“Pantomime of Outrage:” Obama and Syria

I’ve called attention to the writings on Syria of Amb. Fred Hof in several blog posts (here’s one). Hof, after a career in the U.S. Army, became the State Department’s resident expert on Syria and the Obama administration’s “Special Adviser” on Syria policy. He left the administration and joined the Atlantic Council, where he continues to write about  Syria.

His most recent piece makes three important points: first, that the Obama administration talks all the time about how terrible it feels about events in Syria, but does precious little to stop the horror; second, that the administration knows Iran is behind the mass murder but thought it more important to get the nuclear deal than stop the killing; and third, that it will be impossible to defeat ISIS while the Assad regime is slaughtering Sunnis.

Here’s some of what Hof had to say in “America’s Self-Inflicted Wound in Syria,” published several days ago by Foreign Policy.

On Aug. 16, Syrian regime aircraft bombed a vegetable market in the rebel-held Damascus suburb of Douma, slaughtering over 100 Syrian civilians and wounding some 300 more. Many of the victims were children; it was one of the deadliest airstrikes of a brutal war. This is far from the first regime-committed atrocity in a Damascus suburb: Exactly two years ago today, Bashar al-Assad’s forces launched a chemical weapons attack in Ghouta, which killed hundreds. In the case of the Douma attack, President Barack Obama’s administration reacted with its usual pantomime of outrage: strong verbal condemnation, condolences for the families of victims, and a plea that the international community “do more to enable a genuine political transition in Syria….”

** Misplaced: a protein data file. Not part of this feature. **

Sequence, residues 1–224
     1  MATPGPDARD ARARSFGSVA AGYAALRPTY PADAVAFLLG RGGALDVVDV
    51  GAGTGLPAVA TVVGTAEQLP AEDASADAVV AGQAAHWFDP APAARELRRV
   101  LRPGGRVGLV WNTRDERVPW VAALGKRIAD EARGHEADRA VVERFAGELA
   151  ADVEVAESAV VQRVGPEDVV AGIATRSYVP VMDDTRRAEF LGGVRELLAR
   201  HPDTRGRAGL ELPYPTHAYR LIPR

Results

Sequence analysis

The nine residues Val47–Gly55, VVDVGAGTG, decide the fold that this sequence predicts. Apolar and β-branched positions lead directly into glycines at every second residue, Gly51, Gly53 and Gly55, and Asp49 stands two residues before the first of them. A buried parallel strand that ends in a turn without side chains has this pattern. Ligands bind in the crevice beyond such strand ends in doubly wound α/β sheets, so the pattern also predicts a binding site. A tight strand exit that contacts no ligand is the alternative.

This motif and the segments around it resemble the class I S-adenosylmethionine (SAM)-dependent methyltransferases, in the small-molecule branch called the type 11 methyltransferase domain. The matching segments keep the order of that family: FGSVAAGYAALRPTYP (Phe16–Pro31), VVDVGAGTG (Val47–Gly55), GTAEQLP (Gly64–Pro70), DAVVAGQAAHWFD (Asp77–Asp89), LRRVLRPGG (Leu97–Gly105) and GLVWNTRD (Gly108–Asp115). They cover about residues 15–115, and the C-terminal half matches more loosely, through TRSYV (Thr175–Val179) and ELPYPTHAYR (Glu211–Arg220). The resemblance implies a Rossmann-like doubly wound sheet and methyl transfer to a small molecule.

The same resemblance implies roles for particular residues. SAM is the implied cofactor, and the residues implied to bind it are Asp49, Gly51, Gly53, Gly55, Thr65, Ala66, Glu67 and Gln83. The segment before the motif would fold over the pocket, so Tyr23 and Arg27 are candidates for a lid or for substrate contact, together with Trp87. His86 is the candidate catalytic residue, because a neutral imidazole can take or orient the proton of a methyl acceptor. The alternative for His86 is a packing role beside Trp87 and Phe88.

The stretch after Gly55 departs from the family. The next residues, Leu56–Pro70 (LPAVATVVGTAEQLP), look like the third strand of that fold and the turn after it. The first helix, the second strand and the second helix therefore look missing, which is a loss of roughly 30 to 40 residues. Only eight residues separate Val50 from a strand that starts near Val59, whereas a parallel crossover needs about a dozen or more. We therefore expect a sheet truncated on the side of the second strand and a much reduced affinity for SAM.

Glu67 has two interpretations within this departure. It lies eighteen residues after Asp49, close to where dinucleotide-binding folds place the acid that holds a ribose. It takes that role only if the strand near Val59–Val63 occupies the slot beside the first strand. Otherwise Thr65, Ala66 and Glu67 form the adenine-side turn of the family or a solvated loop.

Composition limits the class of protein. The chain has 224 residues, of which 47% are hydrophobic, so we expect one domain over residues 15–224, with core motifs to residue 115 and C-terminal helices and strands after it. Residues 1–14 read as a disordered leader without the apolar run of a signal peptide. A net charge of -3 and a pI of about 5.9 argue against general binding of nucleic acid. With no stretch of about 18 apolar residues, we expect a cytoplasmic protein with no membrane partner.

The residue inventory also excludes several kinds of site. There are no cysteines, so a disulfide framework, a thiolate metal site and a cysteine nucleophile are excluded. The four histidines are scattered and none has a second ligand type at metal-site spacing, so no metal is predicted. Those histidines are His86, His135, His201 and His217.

Every barrel bomb dropped on defenseless civilians by regime helicopters is a recruiting gift to Baghdadi, the head of a vicious criminal enterprise that combines the worst aspects of al Qaeda and Saddam Hussein’s Baathism. Every Syrian child killed by barrel bombs or starved to death by regime sieges convinces others that if the “international community” can muster nothing but words, perhaps the self-styled caliph can offer protection. Eager to help rid its Syrian client of credible, nationalistic opponents, Iran consciously supports a program of mass murder that only gives Baghdadi power in Syria and in the Sunni Muslim world at large.

For Obama, who has said that his goal is to “degrade and ultimately destroy” an organization known variously as the Islamic State, ISIL, ISIS, and Daesh, Assad’s atrocities ought to provoke a reaction that extends beyond the same tired rhetoric. They do not. This is because Iran — the object of the administration’s courtship — is fully enabling the mass homicide strategy of its Syrian client.

In its single-minded pursuit of a nuclear agreement with Iran, the Obama administration adopted a Syria policy rich in rhetoric and empty of substantive action.

Getting a legacy-boosting nuclear deal with Iran was everything for the Obama administration. Nothing should be done in Syria that would offend Iran’s supreme leader, Ayatollah Ali Khamenei, or the Islamic Revolutionary Guard Corps’ support for Assad’s mass murder strategy….